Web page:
Research Highlights

COVID-19: Opening Up the Data

As a high performance computation specialist, Quirion essentially programs really big computers. He connects the super-computational capabilities of Calcul Québec and the Compute Canada Federation, the viral samples coming from test clinics and genomic labs, and the phylogenetic scientists who make coronavirus family trees.

Pierre-Olivier Quirion is the switchboard operator at the centre of a consortium working to track COVID-19 strains in Quebec. This Rube-Golberg-like operation starts when a sample is swabbed from inside your nose and ends when the government releases its latest recommendations. Quirion was also instrumental in making the data accessible to the general public as...

Lire la suite

Jamming the Lock to Close the Door on COVID-19

Professor Nicolas Moitessier describes his task as “finding a key that fits the lock,” except he wants to block the keyhole. His McGill chemistry lab is now a vital cog in the wheel in the global effort to develop a drug against the novel coronavirus known as SARS-COV-2, the virus responsible for COVID-19.

Professor Nicolas Moitessier describes his task as “finding a key that fits the lock,” except he wants to block the keyhole. His McGill chemistry lab is now a vital cog in the wheel in the global effort to develop a drug against the novel coronavirus known as SARS-COV-2, the virus responsible for COVID-19. Moitessier is...

Lire la suite

Dissecting Genetic Variability in the COVID-19 Virus

Julie Hussin wasn’t thinking about taking on COVID-19 when she started looking at the data coming out of affected countries back in January. But this assistant professor of bioinformatics at the University of Montreal and Montreal Heart Institute couldn’t resist feeding her computers the data coming out on the virus’s genome as it crept its way across the globe.

Hussin’s group uses advanced research computing to answer biological questions. These days, they are looking for mutations in SARS-CoV-2, the virus that causes the disease called COVID-19. “We took all the sequences showing up every week and looked at how they mutated from one generation to the next and from one country to another,” says...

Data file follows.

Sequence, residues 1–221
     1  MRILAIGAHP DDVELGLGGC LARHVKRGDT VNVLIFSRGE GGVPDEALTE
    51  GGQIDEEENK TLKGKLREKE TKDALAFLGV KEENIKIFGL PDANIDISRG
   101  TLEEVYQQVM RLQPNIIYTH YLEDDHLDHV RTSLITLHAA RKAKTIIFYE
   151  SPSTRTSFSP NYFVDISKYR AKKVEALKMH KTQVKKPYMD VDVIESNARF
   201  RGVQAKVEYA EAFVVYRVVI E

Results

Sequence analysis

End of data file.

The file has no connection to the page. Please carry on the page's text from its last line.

Lire la suite

Resources for researchers and clinicians fighting COVID-19 in Canada

In conversation with Dr.Guillaume Bourque

Can you tell us more about the COVID-19 Resources platform and how it came about? I was contacted by a colleague asking whether I could help them build an online tool to find and share reagents needed for COVID-19 research projects. Before building it, I decided to ask on Twitter if anybody was already working...

Lire la suite

Creating a data base of musical scores

Ichiro Fujinaga
Chair of the Music Technology Area of the Schulich School of Music at McGill University

Ichiro Fujinaga likens his life’s work and goal to something he nicknames “Google Scores.”. Like Google Books, his project aims to establish a huge database of musical scores that will be freely accessible to anyone who uses the search engine. “What I’ve been working on for the last 30 years is optical music recognition,” says...

Lire la suite

Silence, we’re flying!

 Reducing noise:  a public health issue When Professor Stéphane Moreau takes a plane, he’s not like the other passengers. On board, he becomes alert to all of the noises around him. It’s a natural reflex for the University of Sherbrooke Research Chair in Aeroacoustics who has chosen to make the noise produced by these flying...

Lire la suite

The Search for New Catalysts: at the Heart of Green Chemistry

Marc-André Légaré
Département de chimie, Faculté des sciences et de génie, Université Laval

Marc-André Légaré, who is finishing a Ph.D in chemistry at Université Laval, was one of the recipients of the Fonds de recherche du Québec’s Étudiants-chercheurs étoiles awards in October 2015. He received the award for an article published in the prestigious American publication Science regarding his research on metal-less catalysts. Complex molecular modelling computations are...

Lire la suite

Brain Mapping

Maxime Descoteaux
Département d'informatique, Faculté des sciences, université Sherbrooke

With Maxime Descoteaux, white matter takes on the colors of the rainbow and the brain becomes a sophisticated tangle of nerve fibers. He is the image wizard who reads in the diffusion of water to reveal the paths of our intellect, the mathematician who puts the pedal to the floor on the brain’s highways. Why...

Lire la suite

Filtering the Stars Signals

Victoria Kaspi looks at the stars, especially pulsars, which have densities far higher than any other stars. She wants to understand how such density affects matter and space-time, the fundamental principles of physics. What Are Pulsars? When a supergiant star has exhausted its nuclear fuel, there is no longer enough gas pressure produced to counter...

Lire la suite

Molecular dynamics to fight infection

Patrick Lagüe
Department of biochemistry, microbiology and bio-informatic, University Laval

Mode of action of the protein truncated hemoglobin N in the infection process of tuberculosis bacteria   Tuberculosis infects one-third of the world’s population. In the majority of the people infected, the immune system succeed to stop the progression of the disease by producing NO and reducing the concentration of O2 in the infected lesion....

Lire la suite